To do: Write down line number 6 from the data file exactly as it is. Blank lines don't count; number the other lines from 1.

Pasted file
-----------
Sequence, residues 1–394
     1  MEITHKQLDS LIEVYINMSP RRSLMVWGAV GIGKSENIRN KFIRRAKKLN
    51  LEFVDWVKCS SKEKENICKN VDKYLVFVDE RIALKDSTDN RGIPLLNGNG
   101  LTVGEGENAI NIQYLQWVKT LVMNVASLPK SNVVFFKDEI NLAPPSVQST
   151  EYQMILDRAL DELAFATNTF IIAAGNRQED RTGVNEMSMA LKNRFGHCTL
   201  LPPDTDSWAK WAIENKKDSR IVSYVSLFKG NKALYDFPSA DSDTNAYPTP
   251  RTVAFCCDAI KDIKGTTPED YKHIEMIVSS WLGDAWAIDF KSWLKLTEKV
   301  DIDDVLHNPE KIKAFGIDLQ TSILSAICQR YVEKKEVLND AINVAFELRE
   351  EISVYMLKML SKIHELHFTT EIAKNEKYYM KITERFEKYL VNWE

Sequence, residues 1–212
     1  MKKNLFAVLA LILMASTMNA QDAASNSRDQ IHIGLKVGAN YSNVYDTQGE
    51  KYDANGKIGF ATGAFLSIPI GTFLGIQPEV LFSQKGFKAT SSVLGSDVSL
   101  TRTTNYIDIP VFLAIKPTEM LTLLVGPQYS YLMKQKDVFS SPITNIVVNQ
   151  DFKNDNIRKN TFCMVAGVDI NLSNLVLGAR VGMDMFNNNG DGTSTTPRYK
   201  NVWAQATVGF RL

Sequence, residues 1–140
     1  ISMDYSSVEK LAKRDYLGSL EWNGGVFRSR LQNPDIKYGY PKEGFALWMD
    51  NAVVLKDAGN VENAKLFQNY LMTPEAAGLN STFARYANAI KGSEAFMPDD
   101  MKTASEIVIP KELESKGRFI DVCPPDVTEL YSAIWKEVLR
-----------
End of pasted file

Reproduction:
   201  LPPDTDSWAK WAIENKKDSR IVSYVSLFKG NKALYDFPSA DSDTNAYPTP